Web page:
In early 1902, President Theodore Roosevelt made it a priority to update and improve the look of U.S. coinage. However, there were constraints that prevented even the president from getting what he wanted. An earlier 1890 act of Congress made it a requirement that all U.S coins remain in circulation for a minimum of 25 years before they became eligible for a redesign. However, within the verbiage of that act was a path forward for the president; Congress was empowered to authorize a change which would allow for an exception to the rule. As a result, the five-cent and the silver dollar pieces both became exception cases.
The Mint began seeking new designs for the nickel. American sculptor James Earle Fraser advocated for a new look, with one side of the nickel featuring a Native American, and the other a bison. In addition to this imagery, it was decided early in the process that the design would be free of any elements that were not required. Therefore, the words “In God We Trust” were omitted from the coin.
The Mint issued the first coins to Native American chiefs. Then in early March 1913, the coins were released into circulation. The design earned early praise for expressing imagery that is uniquely American. Some, like the New York Times criticized the way in which the design would quickly deteriorate as it flowed through the natural course of circulation. Despite these comments, the coin enjoyed a massive issuance in the tens of millions of pieces.
As with any coin distributed in such numbers, there were some unforeseen problems, one of which has become infamously known as the 1937-D “three-legged” nickel. In this version, one of the buffalo’s legs is missing. The error was a result of alterations made to the die used in the Denver Mint. The pressman was attempting to clean portions of the reverse die that had resulted in both dies coming in repeated contact with one another. The unintended result of this work was that one leg was nearly erased from the die.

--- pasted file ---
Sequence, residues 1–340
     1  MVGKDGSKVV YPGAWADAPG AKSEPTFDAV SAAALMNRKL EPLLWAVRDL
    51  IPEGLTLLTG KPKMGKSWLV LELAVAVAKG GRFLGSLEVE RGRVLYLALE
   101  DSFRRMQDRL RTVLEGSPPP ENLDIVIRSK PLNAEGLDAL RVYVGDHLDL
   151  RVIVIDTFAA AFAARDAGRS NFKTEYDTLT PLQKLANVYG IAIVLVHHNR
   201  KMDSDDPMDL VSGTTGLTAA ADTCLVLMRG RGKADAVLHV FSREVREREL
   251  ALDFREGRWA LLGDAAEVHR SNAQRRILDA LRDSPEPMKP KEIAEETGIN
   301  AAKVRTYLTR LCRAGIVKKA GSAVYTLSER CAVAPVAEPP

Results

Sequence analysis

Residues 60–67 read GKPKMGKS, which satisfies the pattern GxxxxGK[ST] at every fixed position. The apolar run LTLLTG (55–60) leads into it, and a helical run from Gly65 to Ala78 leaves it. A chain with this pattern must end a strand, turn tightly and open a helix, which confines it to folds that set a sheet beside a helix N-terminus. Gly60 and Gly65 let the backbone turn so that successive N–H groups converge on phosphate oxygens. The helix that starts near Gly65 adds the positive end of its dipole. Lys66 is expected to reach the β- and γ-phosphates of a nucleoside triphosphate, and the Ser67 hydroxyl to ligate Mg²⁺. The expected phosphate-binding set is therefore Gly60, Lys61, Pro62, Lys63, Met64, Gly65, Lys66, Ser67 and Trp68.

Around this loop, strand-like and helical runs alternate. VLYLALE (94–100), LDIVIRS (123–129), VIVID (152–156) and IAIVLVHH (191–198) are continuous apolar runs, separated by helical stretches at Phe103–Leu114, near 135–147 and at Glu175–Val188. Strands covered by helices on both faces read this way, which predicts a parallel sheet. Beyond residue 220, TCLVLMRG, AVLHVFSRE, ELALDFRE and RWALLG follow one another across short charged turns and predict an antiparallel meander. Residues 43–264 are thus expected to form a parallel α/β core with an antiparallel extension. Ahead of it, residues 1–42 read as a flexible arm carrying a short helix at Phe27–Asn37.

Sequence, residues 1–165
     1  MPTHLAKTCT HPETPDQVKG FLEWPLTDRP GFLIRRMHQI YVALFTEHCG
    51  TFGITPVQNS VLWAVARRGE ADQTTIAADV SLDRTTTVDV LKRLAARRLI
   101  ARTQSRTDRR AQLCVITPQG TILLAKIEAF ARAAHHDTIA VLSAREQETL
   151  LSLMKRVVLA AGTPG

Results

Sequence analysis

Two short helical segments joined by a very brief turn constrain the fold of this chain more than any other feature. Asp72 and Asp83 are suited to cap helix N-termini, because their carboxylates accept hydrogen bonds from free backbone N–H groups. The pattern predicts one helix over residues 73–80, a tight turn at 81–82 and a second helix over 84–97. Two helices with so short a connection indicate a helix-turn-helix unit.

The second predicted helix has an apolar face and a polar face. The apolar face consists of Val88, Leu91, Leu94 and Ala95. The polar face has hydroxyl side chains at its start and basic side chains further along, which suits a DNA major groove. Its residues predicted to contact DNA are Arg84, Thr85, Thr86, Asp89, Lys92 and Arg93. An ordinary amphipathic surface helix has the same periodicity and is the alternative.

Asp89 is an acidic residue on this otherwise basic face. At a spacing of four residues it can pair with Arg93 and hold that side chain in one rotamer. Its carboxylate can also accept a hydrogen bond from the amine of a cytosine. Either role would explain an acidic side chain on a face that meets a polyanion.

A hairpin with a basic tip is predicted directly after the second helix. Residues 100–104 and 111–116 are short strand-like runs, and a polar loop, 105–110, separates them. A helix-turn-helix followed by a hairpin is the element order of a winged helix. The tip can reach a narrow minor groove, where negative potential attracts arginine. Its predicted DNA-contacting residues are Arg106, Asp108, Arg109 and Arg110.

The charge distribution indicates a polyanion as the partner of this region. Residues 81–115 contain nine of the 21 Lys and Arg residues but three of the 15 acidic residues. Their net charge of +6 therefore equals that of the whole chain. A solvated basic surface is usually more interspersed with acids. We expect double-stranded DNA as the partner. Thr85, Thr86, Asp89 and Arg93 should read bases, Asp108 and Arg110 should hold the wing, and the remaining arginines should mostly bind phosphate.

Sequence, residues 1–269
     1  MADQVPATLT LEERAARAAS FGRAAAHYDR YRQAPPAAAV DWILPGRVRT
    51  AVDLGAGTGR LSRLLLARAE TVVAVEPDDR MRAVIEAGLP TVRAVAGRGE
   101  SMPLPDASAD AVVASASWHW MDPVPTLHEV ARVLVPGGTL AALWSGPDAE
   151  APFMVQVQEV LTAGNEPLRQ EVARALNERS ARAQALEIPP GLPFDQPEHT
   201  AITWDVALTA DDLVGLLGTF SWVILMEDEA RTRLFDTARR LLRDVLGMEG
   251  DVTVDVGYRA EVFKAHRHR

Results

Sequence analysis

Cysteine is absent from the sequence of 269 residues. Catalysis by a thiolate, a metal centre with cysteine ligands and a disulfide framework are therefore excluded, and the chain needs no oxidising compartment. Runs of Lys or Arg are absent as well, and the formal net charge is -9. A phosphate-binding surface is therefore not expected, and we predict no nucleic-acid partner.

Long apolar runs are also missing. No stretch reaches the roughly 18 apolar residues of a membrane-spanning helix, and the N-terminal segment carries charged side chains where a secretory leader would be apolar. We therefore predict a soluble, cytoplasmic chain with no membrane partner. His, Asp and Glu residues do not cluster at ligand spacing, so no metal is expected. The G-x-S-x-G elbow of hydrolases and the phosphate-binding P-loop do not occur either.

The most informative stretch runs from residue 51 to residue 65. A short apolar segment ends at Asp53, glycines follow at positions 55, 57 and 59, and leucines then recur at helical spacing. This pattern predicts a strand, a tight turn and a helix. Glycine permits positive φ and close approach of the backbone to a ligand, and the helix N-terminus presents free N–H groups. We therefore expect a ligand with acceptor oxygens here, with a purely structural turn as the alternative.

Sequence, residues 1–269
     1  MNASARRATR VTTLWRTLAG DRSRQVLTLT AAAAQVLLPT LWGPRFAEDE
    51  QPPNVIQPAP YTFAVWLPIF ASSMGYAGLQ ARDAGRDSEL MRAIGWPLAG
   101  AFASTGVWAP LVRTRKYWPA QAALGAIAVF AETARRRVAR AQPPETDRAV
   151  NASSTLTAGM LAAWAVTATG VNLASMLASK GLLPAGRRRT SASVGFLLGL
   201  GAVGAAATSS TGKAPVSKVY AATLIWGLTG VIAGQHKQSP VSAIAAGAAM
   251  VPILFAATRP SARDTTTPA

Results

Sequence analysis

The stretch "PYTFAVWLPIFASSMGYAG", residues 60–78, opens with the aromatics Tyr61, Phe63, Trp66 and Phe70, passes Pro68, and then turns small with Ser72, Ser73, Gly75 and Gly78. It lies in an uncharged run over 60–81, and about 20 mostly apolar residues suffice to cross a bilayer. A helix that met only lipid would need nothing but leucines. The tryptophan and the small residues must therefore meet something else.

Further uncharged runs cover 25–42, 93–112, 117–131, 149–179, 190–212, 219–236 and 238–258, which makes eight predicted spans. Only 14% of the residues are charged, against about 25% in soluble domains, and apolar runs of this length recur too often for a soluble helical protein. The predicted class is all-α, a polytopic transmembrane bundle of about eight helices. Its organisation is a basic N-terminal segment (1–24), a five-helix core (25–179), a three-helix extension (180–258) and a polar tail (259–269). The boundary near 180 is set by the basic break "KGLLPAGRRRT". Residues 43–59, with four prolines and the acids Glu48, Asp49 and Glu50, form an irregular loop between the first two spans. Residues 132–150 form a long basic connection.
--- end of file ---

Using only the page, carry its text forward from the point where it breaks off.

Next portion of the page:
Officials did not notice the mistake until the coin had already been struck thousands of times. Many of the three-legged pieces found their way into circulation before production was halted. As expected, collectors were intrigued and, to this day, seek this error version of the coin.
In the years since the die error, the Buffalo Nickel has enjoyed a legendary status for both the uniqueness of the missing leg and its rarity. The image of a Native American remains one of the most powerful characteristics of the coin due, in large part to the work and detail Fraser put into the piece. In fact, this coin was the last one to feature a Native American until the Sacagawea dollar minted in 2000. In previous remarks Fraser noted that the profile of the Native American on the coin was a composite of Iron Tail of the Ogala Lakota, and Two Moons of the Cheyenne.
The coin is 75% copper and 25% nickel and was minted from 1913 to 1938.
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